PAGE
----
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Samuel Harrell, 30
Fishkill, New York
April 23, 2015

Agencies: Department of Corrections and Community Supervision New York

Last updated: 5 months ago

Summary Help icon

For the second time in a matter of days, an inmate at one of the region’s state prisons is dead. James Miller, the spokesman for the New York State Corrections Officers PBA confirmed to MidHudsonNews.com on Thursday that a prisoner at Fishkill Correctional Facility died in the prison this week, either late Tuesday or early Wednesday. Two corrections officers were injured in an apparent scuffle and were taken to a local hospital for treatment.

On August 18, 2015, the New York Times reported that Harrell was beaten by as many as 20 officers and thrown down the stairs and killed. According to the article, Harrell, an inmate with a history of bipolar disorder, packed his bags and announced he was going home resulting in a confrontation with corrections officers and being thrown to the floor and handcuffed. Officers including members of a group known around the prison as the Beat Up Squad — repeatedly kicked and punched Mr. Harrell, who is black, with some of them shouting racial slurs, according to more than a dozen inmate witnesses. Mr. Harrell was then thrown or dragged down a staircase, according to the inmates’ accounts. One inmate reported seeing him lying on the landing, “bent in an impossible position.”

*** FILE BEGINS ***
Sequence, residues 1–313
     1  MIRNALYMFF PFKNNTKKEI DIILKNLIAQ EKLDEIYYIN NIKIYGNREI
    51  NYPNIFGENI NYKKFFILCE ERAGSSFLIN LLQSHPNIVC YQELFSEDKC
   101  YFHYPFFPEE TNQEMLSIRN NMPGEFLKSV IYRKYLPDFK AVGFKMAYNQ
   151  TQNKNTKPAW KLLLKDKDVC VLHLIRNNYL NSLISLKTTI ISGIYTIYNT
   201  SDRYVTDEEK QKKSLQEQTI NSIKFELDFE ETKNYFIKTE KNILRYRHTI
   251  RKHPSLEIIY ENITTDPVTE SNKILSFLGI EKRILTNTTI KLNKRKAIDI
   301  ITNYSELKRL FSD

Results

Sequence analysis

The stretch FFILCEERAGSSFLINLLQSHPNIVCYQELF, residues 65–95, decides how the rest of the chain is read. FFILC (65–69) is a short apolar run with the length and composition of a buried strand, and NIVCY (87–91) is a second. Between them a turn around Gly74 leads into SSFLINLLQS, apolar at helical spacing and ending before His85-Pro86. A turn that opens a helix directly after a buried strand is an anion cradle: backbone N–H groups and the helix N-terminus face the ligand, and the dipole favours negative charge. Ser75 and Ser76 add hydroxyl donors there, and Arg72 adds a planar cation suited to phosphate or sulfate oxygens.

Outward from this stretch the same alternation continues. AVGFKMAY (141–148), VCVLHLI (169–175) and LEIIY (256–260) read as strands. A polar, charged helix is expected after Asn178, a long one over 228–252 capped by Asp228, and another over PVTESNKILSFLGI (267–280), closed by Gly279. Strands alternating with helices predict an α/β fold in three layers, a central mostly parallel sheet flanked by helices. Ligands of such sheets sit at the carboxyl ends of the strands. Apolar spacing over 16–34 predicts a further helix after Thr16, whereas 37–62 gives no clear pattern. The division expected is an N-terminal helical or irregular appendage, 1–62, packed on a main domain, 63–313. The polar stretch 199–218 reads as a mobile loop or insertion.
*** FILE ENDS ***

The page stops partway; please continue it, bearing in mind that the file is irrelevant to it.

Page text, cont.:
Legal Action Help icon

The Correctional Association of New York, on August 18, 2015, called for expanded federal investigation of the state prison system, saying the recent death of a 30-year-old inmate after a confrontation with guards shows a complete overhaul is overdue.

Blacklivesmatter activists demanded that Dutchess County District Attorney Bill Grady bring charges against the 20 or so corrections officers who brutally beat and killed Harrell.

Attorneys representing the Harrell estate announced plans to file a federal civil rights complaint against the state on September 9, 2015.

On August 2, 2017, federal and local prosecutors determined that there was insufficient evidence to bring criminal charges in this case.

Community and Family Efforts Help icon

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